She cannot separate Tom from his father’s memory and is so paralyzed by a fear of being left again that she talks him out of any future dreams he has. By comparing the two, Amanda takes away Tom’s individuality. Because she sees Tom as another version of her husband, he is not given a fair chance to accomplish the things he wants. He is forced to pay for what his father did, which makes it almost impossible for him to move on from the past. Amanda inflicts her pain on her son, forcing the whole family to stay in the past.
Eveline cannot leave her saddened old life to start a new one with Frank because of confliction that is presented to her. There is conflict with a promise that she had made to her mother: "remind her of the promise to her mother, her promise to keep the home together as long as she could” (Joyce). Eveline 's mother has passed away she still deals with conflict that is brought by her mother to keep the family together. Therefore, Eveline does not really have a family anymore to take care of other than her father, who she feels might be abusive to her later. Eveline had two brothers, but the one brother had died and the other went away: " Ernest was dead and Harry, who was in the church decorating business, was nearly always down somewhere in the country” (Joyce).
Mother came to him and said “Honey, you cannot come up here. Do not explore anymore. It is very dangerous. It is over limit now, ok!” The son regretted his fault and said sorry to his mother. Another example I saw in other movie is, a daughter sulked when her father would go to work.
There is no rulebook or play-by-play list that you can refer to on the days when the panic and rage are so raw that you think you might lose your mind. And while your friends do their best to sympathize with you, no one understands the sheer desperation that always threatens to bubble over. A dying grandparent means facing my mortality with new eyes. In the final weeks of my grams illness, I’d often look at my children and worry that my death would burden them in the same way. I worried that the fear and terror I felt in these last months would be their journey someday when their father and I face our health issues.
The loss of his once cool headed mindset is now causing him to lose his family in a sense. Civilian families experience troubles similar to this as well. Michelle Cacho Negrete stated, “My anger at my husband had deepened over his views on the war; his cavaliers attitude about working for gumman; his support for the president’s policies; his lack of support for me”(Cacho-Negrete, 877). For Michelle the war was also a fight between her husband and their different viewpoints. She's losing her husband over how the fighting overseas is affecting people back on the homelines.
Even though Johnny was going through his last hours alive he did not want to see his mother, he wanted to see his family: the gang. “I said I don’t want to see her.” His voice was rising. “She’s probably come to tell me about all the trouble I’m causing her, and how glad her and the old man’ll be when I’m dead. Well tell her to leave me alone. For once.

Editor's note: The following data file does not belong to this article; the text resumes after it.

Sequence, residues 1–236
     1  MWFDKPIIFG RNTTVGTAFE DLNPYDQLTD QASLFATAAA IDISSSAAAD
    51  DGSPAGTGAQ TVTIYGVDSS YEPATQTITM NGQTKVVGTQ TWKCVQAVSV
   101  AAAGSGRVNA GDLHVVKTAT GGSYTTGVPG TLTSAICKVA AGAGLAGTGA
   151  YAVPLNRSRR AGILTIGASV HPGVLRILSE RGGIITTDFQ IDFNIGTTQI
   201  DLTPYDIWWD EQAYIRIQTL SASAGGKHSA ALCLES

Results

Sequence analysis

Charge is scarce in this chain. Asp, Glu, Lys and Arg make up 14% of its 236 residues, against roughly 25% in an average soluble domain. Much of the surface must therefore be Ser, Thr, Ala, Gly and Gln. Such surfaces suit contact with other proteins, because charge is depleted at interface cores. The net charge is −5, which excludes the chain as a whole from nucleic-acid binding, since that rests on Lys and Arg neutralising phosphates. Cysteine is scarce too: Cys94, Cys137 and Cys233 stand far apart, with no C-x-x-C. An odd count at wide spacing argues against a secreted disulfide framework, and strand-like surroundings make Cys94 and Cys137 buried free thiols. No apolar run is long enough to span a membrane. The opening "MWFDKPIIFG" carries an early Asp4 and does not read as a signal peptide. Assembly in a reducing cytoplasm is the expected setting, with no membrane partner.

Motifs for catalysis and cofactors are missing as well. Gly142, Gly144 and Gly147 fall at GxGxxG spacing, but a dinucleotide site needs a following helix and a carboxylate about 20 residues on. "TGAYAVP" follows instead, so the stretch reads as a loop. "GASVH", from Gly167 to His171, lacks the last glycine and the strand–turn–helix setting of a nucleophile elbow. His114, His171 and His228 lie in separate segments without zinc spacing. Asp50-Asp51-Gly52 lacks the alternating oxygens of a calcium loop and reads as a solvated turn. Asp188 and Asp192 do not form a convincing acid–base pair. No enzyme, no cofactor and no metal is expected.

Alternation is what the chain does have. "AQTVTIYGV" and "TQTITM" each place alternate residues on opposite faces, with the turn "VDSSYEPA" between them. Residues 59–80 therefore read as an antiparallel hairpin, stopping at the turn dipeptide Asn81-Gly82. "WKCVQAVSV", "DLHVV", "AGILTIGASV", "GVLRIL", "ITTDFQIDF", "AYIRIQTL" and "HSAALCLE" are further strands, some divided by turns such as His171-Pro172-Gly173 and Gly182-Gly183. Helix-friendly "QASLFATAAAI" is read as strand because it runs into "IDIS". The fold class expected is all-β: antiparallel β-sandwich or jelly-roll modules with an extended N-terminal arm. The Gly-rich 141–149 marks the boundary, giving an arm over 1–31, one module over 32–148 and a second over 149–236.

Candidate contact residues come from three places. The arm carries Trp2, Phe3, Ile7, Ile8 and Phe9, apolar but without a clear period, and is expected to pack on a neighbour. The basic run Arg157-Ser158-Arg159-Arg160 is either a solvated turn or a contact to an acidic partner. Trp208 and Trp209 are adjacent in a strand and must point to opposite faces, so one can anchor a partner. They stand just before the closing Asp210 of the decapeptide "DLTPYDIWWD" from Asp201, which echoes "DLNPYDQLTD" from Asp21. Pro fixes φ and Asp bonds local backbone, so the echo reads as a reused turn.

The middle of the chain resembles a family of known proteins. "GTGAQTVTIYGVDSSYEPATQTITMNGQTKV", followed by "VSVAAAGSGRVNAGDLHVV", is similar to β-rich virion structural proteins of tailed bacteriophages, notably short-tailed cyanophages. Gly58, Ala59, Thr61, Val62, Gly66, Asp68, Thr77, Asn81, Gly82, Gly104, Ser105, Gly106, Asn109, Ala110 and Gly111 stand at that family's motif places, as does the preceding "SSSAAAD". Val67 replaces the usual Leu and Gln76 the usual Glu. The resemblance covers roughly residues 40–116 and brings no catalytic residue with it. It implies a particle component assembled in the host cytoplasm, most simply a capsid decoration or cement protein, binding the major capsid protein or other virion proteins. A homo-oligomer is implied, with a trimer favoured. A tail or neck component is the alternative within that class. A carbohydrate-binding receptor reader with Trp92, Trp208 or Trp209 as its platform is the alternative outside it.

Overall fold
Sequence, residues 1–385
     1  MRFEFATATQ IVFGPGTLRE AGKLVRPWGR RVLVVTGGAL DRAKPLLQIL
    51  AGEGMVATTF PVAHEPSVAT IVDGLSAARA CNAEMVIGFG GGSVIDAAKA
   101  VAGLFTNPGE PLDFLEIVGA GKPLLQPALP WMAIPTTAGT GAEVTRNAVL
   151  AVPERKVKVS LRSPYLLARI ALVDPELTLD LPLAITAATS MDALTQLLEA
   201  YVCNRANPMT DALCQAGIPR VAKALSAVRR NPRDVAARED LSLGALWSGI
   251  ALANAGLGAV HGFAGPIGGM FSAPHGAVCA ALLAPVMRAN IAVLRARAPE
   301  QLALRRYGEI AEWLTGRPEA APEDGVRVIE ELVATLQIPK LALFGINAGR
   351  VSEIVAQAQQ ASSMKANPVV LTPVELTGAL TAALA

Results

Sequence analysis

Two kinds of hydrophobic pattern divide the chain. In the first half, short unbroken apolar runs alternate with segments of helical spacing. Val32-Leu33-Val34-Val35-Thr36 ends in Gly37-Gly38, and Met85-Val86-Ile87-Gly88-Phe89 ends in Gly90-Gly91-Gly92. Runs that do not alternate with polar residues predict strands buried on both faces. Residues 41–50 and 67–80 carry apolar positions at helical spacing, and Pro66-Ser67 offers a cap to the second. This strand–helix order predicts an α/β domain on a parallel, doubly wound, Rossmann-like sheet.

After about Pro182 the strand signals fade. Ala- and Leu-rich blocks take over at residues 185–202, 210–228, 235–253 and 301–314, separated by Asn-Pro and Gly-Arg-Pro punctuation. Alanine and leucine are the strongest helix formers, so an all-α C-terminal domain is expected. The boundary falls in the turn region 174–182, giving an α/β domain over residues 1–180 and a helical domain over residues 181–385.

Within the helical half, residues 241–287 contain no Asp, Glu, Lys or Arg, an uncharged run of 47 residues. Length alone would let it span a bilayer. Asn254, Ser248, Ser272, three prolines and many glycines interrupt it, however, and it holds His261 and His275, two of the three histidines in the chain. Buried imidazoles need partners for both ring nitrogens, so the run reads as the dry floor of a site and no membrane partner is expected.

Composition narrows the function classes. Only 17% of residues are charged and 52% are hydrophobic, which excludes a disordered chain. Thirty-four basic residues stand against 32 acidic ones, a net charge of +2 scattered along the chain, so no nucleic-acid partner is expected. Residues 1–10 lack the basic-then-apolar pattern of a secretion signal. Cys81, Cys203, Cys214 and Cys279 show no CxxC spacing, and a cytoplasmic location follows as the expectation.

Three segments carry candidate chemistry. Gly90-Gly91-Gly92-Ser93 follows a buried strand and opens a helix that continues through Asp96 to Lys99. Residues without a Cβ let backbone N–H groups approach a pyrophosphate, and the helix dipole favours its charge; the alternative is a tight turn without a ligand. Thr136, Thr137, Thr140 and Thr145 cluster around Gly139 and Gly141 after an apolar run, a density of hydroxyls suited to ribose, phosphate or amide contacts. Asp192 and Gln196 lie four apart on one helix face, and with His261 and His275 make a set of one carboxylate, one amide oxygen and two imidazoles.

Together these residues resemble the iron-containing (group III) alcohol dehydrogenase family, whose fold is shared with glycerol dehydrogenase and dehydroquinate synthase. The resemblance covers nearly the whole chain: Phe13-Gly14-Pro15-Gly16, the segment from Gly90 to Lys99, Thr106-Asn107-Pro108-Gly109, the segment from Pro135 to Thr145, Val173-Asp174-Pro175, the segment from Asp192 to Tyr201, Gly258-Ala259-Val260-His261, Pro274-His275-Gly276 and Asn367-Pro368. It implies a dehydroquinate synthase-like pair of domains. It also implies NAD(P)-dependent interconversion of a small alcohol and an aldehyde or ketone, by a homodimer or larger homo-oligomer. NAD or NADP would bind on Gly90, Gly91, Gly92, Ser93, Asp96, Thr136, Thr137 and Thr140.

Thirdly, the theme appears when Peter Van Houten speaks with Hazel and explains how his grief about his daughter’s death revealed his true self. Peter’s daughter’s death was a part of his life and ruined him, so in order for Hazel to live her best life she cannot give up because Gus is dead. Hazel must conquer her fear of death to then live her best life. Only when Hazel lives her best life can she be ready to
Liesel desperately wanted to blot it out and move on but that is not how life works. Her life had to keep on going with more obstacles every day. Liesel then starts having recurring nightmares (Zusak #36) at her foster parents house about her brother, to which she wakes up screaming as if the Fuhrer were to be arrested. Liesel has to put up with this constantly but she does get comfort through her father. She had to push through it.
After being classified as worthless, I began to fear how these emotions could affect my future life, such as when I am a parent. I have always been scared of being a terrible parent, such as my father was. When I heard the song Daughters, I felt as if the song was talking to me. The lyrics, “Since the day she saw him walking away she's [been] left cleaning up the mess he made”, made my heart sink. My dad had left my family with broken hearts, and a massive void that only a father could fill.
“The Dark Holds No Terrors”, her second novel, is about the traumatic experience the protagonist Saru undergoes as her husband refuses to play a second-fiddle role. Saru undergoes great humiliation and neglect as a child and, after marriage, as a wife. Deshpande discusses the blatant gender discrimination shown by parents towards their daughters and their desire to have a male child. After her marriage, as she gains a greater social status than her husband Manohar, all begins to fall apart. Her husband's sense of inferiority complex and the humiliation he feels as a result of society's reaction to Saru's superior position develops sadism in him.